Thursday, March 28, 2013

The Ballad of Tommy and Gina

I was listening to Bon Jovi, and the following lyrics suddenly struck me as, well ...

...epic. And funny.

"Tommy used to work on the docks/Union's been on strike, he's down on his luck. It's tough. So tough."

Let's break this down shall we? Poor Tommy. I picture him as being early twenties, heavily tatted up (and so, probably, dreamy since I like 'em that way), with longish hair. And he'd be strong, right? In good shape, anyway, because working on the docks is, like, super hard work. That's physical labour. He's got the kind of build people go to the gym for, but he doesn't have a gym membership because, dude, his JOB'S a workout. And gyms are for people who have MONEY. Which he doesn't, because since the strike started, he's, like, SO broke.

And that's tough.

But it's not JUST tough? It's so tough that Mr Bon Jovi needed to tell us how tough it was TWICE. It's tough -- SO tough.

And that, my friends, is TOUGH.

"Gina works the diner all day. Working for her man, she brings home her pay for love. FOR LOVE."

I confess that I used to hear this as "working for THE MAN" and not working for HER man. In my head, Gina wears a light blue old-school waitress uniform and has blonde hair with dark roots. She aspires to cooking, though, and everyone she and Tommy have ever entertained in their studio apartment in Long Island City have been mad impressed with her skills -- not that she has the cash to do that anymore, though, because since the strike started down at the docks, they've been pretty much living on her tips, and she's not sure how they're going to pay their rent. But that's okay, because she believes in Tommy. And their love.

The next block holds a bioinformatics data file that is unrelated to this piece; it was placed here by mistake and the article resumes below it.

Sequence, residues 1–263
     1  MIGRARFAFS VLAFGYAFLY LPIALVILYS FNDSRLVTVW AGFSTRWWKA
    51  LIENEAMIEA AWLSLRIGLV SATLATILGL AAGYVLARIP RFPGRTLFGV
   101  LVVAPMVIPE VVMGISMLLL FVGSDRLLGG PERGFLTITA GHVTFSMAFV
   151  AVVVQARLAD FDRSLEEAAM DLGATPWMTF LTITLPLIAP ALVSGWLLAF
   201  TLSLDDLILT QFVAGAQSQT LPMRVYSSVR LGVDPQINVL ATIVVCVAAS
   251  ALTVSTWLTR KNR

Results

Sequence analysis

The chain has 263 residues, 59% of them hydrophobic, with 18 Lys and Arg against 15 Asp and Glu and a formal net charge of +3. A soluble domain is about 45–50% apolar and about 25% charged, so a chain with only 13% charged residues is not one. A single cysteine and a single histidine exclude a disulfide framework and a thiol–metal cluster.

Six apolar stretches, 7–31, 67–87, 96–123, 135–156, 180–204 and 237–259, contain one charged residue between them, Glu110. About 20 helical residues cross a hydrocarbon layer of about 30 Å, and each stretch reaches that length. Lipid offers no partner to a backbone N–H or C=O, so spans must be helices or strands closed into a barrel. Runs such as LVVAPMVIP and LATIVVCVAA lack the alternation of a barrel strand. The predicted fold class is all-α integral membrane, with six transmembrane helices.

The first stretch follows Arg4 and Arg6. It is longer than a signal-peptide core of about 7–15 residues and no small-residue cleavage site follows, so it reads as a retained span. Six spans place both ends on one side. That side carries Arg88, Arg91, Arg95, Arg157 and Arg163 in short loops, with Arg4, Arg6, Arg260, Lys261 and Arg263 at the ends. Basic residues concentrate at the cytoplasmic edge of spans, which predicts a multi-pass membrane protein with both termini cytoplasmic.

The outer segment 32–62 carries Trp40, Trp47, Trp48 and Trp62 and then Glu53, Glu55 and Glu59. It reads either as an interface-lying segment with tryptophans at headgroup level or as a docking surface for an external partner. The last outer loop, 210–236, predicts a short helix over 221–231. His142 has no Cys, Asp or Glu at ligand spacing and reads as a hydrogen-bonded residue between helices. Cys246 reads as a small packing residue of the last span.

And those crazy kids are gonna hold on! To what they've got! It doesn't make a difference if they make it or not. Except that it sort of does, because ... well, if they give up, this song's going to kind of suck.

So I giggled to myself a little bit, because now in my head, Tommy and Gina were real people.


I realized that Gina's parents were Brenda and Eddie from Billy Joel's "Scenes from an Italian Restaurant". You know, Brenda and Eddie? Who were still going steady in the summer of '75 and decided the marriage would be at the end of July?

Which is why it makes SENSE that Gina is holding on to what she's got. Her parents are divorced, and she doesn't want to lose Tommy over money issues -- especially since she KNOWS that when her parents got married, every one of their friends told Eddie he could never afford to live that kind of life. I mean, yeah, Brenda and Eddie got a divorce as a matter of course AND they parted the closest of friends -- which was nice for Gina because it made it easier on her -- but she's determined to stick it out.

That's also when I realized that Gina's best friend? Was Maria from the Blondie song. Walking like she don't care, smooth as silk and cool as air. That girl would NOT take a diner job for her man, that's for damn sure. She's a free spirit. She'd be all, "Whatever, peace out" but she's super loyal to Gina and comes into the diner when she's working to cheer her up, because she's a good friend like that.

I could keep going. I populated an entire universe with song people, all of whom had their own backstories. (Don't get me started on Iggy Pop's Candy. That woman is INSANE.)

Popular music. It's a soap opera.

In my head, anyway.


  1. You need to get out more. And listen to better music. :)

    1. I DO need to get out more (hey, I'm working on it) and I kind of love all music. I have an undiscriminating musical palate.